Health and care regulators including the General Pharmaceutical Council (GPhC) have issued a joint statement on meeting regulatory standards during GLP-1 receptor agonists (GLP-1 RAs) shortages.

They said that they were ‘concerned’ to hear that people with type 2 diabetes were experiencing problems accessing GLP-1 Ras, amid widespread prescribing for weight loss purposes, in some cases off-label.

And they said that they recognised the ‘adverse impact’ of shortages and supply chain issues on patients, the public and wider health and care teams.

The statement was issued today by the GPhC, the Pharmaceutical Society of Northern Ireland, the General Medical Council and the Health and Care Professions Council.

They reminded health and care professionals that they ‘must meet relevant regulatory standards’ amid ‘challenging situations’, including the need to balance individual patient needs with wider public health and pressures, as well as limitations on available resources such as medicines shortages or other supply chain issues.

Health and care professionals must also be able to ‘account for their decisions’, including by ‘acting professionally at all times and providing person-centred care, using their knowledge and experience to make evidence-based decisions’, the statement said.

And the regulators stressed that it was ‘vital’ that registrants advise on, prescribe, supply, dispense or administer medicines ‘within the limits of their training, competence and scope of practice, regulatory standards and guidance and the law.’

They emphasised that prescribers were expected to take account of relevant national policy and guidance alongside profession-specific codes of conduct, standards and guidance.

In particular, they highlighted the Royal Pharmaceutical Society’s Prescribing Competency Framework, which outlines key competencies, including guidance around prescribing medicines that are unlicensed, off-label, or outside standard practice.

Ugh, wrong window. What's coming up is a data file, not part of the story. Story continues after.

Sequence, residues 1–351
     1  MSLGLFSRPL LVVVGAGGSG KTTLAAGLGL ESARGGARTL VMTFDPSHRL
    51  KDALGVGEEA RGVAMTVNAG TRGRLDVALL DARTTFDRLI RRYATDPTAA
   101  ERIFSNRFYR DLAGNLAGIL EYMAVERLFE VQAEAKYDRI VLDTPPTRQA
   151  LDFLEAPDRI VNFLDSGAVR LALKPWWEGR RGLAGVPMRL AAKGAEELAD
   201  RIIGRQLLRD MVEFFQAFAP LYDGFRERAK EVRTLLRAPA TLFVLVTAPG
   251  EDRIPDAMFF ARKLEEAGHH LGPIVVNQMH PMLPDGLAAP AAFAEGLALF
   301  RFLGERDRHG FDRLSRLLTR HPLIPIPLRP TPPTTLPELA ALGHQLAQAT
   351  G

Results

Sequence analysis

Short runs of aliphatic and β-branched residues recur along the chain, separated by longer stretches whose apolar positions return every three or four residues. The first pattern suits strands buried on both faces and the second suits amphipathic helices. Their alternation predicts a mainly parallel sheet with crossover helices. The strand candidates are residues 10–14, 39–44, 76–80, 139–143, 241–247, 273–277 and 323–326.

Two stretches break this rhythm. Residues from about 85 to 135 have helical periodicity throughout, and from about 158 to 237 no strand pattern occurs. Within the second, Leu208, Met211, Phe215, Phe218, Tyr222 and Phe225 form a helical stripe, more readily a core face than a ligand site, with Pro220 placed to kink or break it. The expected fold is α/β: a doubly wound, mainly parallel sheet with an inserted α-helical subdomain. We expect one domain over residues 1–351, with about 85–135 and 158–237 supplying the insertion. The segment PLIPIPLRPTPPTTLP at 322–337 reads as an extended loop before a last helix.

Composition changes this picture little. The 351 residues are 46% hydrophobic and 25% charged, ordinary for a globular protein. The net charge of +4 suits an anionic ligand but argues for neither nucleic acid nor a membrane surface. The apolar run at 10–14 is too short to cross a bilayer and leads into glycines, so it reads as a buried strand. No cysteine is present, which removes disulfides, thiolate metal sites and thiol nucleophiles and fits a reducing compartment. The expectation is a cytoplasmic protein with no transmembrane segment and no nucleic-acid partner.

In particular, the regulators highlighted that prescribers need to assess the risks and benefits of a patient taking or not taking a medicine or treatment, as well as the need to consider the wider perspective including public health.

Prescribers were advised not to initiate new patients on GLP-1 RAs last year, amid ongoing shortages of the drugs.

And last month (27 June) the Department of Health and Social Care (DHSC) issued a Tier 3 (high impact) medicine supply notification for GLP-1 receptor agonists used in the management of type 2 diabetes.

It said that supply issues had been caused by an increase in demand for these products for licensed and off-label indications.

And it said that supply was not expected to return to normal until at least mid-2024.

Following that, Novo Nordisk – the manufacturer of several GLP-1 receptor agonists such as liraglutide and semaglutide – told The Pharmacist that it envisages intermittent supply shortages over the next 18 months, despite running factories 24/7 to increase production.

Pharmacists and GPs then stressed the need to protect remaining supplies for diabetes patients, while raising concerns about the impact of the shortage on practice and community pharmacy workload, as well as on patients.